The London Stock Exchange is facing tougher competition from NYSE and Nasdaq in New York, and from Euronext in Amsterdam since Britain fully left the European Union on Dec. 31.
In a bid to keep London globally competitive after Brexit, Sunak commissioned a review of listings rules last November. It was led by former European Commissioner Jonathan Hill and published its recommendations on Wednesday.
“The review has more than delivered and I’m keen we move quickly to consult on its recommendations, cementing the UK’s reputation at the front of global financial services,” Sunak said in a statement.
The Financial Conduct Authority will consult publicly on the proposed changes, though some would require legislation to implement.
The government faces pressure to act - it announced a fast-track work visa scheme last week for fintechs - after swathes of euro stock and swaps trading left London for Amsterdam and New York after full Brexit in December.
But asset managers and company directors warn about eroding corporate governance standards by easing listing rules.
Hill said “the composition of the FTSE index makes clear another challenge: the most significant companies listed in London are either financial or more representative of the ‘old economy’ than the companies of the future.
He added that there was a sense that the financial sector is on the “back foot” due to Brexit and new competition emerging from Amsterdam.
“The recommendations in this report are not about opening a gap between us and other global centres by proposing radical new departures to try to seize a competitive advantage,” Hill said.
“They are about closing a gap which has already opened up. All the recommendations are consistent with existing practices in other well-regulated financial centres in the USA, Asia and Europe,” Hill added.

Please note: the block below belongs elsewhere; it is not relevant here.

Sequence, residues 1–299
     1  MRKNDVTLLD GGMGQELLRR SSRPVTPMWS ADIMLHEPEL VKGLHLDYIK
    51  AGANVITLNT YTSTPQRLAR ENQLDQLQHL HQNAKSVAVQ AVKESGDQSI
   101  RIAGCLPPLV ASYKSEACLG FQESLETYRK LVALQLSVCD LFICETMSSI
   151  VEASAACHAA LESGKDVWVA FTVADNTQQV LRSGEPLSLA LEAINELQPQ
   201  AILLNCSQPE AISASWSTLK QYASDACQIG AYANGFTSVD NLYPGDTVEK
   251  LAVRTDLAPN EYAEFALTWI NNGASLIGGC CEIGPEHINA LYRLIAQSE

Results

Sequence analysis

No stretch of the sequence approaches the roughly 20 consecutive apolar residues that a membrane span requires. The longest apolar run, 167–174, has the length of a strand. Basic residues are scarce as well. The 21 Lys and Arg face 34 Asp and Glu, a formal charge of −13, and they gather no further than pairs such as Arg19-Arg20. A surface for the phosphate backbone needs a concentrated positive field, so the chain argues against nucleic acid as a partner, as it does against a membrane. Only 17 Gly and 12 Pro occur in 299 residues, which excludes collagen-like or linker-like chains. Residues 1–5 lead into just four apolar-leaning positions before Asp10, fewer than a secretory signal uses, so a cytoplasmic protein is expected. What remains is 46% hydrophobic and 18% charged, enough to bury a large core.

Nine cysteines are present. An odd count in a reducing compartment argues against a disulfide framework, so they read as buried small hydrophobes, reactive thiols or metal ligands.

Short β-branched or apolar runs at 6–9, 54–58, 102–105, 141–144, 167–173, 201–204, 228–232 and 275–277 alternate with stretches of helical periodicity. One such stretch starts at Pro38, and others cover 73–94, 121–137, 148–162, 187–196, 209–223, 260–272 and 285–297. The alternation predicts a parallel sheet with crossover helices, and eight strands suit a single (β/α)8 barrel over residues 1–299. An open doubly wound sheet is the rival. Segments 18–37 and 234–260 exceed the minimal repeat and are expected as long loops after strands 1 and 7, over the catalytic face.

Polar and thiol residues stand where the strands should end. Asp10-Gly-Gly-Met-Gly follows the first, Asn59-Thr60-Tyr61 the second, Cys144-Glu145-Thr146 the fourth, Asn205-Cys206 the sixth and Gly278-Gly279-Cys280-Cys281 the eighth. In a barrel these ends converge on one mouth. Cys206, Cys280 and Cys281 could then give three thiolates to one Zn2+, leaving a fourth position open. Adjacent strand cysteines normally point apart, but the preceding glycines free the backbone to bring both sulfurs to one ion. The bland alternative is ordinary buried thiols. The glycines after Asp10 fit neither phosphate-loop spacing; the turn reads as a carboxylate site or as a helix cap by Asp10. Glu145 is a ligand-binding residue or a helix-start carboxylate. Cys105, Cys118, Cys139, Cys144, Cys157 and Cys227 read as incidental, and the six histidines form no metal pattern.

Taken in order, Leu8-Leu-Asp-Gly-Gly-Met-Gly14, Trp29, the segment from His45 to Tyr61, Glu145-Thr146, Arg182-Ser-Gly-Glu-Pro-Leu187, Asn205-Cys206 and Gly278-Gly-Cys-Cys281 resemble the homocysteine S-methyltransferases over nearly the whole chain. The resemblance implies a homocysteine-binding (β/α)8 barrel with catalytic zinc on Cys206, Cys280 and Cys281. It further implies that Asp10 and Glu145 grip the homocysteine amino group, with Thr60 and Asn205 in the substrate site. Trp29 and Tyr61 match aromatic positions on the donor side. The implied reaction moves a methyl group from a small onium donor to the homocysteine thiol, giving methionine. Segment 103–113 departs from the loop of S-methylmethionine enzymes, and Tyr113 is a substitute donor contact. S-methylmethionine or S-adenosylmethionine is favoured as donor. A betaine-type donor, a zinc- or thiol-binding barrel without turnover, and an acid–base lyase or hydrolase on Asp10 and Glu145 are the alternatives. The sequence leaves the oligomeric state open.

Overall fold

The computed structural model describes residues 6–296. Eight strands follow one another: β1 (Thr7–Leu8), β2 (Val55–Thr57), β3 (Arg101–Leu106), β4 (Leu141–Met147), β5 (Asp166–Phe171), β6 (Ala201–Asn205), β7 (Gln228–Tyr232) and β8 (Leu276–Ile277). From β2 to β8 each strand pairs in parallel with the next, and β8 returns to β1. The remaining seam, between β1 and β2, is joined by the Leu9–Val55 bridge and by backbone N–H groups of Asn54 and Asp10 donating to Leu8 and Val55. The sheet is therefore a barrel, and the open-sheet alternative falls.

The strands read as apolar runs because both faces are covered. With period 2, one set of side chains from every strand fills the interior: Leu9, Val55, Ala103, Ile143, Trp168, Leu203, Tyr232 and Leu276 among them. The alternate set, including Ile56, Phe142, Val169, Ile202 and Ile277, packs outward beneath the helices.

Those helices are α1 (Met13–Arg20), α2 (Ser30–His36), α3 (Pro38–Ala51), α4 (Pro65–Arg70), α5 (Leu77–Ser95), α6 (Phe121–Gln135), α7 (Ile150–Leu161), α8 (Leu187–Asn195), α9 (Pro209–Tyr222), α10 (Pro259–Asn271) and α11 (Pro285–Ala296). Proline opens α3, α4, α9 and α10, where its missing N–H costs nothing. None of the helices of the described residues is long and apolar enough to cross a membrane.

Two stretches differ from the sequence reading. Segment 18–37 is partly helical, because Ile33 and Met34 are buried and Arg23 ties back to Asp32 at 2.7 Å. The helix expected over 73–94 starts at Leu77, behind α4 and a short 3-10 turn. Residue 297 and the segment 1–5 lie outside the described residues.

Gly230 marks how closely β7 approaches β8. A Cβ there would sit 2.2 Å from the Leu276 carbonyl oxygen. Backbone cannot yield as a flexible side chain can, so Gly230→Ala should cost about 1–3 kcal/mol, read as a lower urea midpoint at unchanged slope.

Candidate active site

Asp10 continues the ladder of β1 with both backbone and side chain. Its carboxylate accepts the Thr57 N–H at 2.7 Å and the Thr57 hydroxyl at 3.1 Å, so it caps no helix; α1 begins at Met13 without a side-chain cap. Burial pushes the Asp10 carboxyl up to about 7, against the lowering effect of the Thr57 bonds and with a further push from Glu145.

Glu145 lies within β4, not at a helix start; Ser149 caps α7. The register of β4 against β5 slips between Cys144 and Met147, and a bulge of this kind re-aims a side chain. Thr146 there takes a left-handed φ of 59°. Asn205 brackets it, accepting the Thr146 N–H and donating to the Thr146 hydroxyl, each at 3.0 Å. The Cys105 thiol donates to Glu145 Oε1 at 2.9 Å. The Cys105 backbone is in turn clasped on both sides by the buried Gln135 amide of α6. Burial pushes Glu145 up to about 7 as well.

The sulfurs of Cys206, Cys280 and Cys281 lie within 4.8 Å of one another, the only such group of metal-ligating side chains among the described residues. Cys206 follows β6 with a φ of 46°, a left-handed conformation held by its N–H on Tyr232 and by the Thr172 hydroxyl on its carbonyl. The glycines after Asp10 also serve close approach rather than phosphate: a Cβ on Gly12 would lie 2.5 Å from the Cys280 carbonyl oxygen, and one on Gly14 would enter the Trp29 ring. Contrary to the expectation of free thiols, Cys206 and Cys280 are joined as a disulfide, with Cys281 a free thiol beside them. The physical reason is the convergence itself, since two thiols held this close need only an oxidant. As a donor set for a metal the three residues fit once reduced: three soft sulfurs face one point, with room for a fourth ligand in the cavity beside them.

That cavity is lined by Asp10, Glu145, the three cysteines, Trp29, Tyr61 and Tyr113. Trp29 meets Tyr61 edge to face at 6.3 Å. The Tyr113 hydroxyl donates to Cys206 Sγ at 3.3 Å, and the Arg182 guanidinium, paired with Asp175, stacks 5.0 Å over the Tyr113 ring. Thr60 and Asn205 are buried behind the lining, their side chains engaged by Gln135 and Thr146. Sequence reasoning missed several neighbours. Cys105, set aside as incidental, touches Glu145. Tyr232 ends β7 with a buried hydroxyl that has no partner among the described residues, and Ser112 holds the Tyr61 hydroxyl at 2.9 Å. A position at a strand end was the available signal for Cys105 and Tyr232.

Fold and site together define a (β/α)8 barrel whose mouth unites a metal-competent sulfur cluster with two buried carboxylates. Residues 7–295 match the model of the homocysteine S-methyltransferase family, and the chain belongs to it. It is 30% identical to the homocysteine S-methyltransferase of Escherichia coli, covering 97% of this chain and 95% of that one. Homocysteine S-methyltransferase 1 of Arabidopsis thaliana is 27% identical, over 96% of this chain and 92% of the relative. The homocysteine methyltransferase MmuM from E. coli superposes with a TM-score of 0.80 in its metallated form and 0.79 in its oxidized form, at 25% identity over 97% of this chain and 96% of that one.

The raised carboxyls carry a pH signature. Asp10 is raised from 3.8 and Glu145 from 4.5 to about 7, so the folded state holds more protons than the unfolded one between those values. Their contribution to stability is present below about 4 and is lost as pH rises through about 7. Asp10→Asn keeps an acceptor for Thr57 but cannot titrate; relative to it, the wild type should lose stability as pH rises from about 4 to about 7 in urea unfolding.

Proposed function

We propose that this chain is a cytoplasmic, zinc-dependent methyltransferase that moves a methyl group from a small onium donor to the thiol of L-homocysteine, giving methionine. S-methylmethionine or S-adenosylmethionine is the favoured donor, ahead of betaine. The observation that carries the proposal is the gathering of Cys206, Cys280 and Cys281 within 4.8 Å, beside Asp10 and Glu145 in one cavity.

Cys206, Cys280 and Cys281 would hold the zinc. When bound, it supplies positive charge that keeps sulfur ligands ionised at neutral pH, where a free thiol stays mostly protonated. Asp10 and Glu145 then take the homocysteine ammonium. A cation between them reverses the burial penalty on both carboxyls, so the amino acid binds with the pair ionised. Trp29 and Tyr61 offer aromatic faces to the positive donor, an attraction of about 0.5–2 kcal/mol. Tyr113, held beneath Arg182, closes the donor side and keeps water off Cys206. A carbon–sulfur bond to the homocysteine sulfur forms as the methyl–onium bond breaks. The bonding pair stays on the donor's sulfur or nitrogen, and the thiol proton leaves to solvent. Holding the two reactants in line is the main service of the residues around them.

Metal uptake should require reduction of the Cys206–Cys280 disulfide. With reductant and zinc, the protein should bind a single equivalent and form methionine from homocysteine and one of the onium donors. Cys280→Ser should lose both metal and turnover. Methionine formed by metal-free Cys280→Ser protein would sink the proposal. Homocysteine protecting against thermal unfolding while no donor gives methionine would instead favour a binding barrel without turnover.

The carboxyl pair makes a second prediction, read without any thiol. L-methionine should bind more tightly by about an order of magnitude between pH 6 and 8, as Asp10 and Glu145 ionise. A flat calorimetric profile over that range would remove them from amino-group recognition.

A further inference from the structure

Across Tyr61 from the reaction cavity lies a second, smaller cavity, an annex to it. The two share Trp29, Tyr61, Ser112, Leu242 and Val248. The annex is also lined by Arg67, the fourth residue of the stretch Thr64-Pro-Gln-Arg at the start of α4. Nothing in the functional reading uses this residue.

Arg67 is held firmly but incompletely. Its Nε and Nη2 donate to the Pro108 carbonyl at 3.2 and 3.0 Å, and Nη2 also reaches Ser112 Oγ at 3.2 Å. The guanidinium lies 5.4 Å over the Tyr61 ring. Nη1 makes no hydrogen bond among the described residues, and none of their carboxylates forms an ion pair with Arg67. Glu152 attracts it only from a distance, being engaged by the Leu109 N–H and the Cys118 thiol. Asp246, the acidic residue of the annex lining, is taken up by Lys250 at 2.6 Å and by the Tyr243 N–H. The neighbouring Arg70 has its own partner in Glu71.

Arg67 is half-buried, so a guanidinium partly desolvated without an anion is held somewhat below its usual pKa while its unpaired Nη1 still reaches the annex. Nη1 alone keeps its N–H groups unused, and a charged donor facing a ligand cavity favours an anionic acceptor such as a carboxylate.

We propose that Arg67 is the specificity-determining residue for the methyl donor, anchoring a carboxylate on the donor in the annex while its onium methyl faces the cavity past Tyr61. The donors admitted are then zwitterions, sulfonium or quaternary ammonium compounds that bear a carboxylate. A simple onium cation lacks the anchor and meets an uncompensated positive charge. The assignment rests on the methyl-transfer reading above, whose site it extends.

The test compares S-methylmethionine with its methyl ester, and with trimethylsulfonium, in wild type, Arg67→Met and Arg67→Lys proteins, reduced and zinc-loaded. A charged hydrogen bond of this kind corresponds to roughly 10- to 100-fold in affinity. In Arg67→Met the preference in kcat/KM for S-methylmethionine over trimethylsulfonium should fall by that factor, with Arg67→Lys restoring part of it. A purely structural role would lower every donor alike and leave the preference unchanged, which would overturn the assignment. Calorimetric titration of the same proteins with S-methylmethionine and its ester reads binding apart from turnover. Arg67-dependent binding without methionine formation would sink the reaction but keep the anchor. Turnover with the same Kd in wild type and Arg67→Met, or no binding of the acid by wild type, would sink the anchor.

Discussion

‘STATE OF THE CITY’
Two changes seek to move London in line with New York and other financial centres by allowing founders to list their company while still retaining significant control.
Hill recommends allowing dual class share structures to give directors and founders enhanced voting rights on certain decisions for five years, a move retail investor groups say is contrary to the “one share, one vote” principle. The minimum “free float” or amount of a company’s shares or in public hands would be cut from 25% to 15%.
Hill also recommends liberalising listing rules for special purpose acquisition companies or SPACs, whose flotations in New York have surged over the past year, with Amsterdam also attracting some recently.
The prospectus, used by companies to set out their initial or secondary offer of shares, should also be fundamentally reviewed to make listing a company faster and simpler, Hill has recommended.
Hill said regulators in Australia, Singapore, Hong Kong, Japan and the EU have an objective to maintain competitiveness of their financial sector and this would be helpful for Britain’s Finanancial Conduct Authority as well.
There should also be an annual “State of the City” report form the finance minister to parliament on the financial sector’s competitive position.
“Continuing to evolve the UK listings regime is key to providing flexibility for companies who want to list in London while maintaining high standards of corporate governance,” said David Schwimmer, chief executive of the LSE Group. (Reporting by Huw Jones; editing by David Evans and Louise Heavens)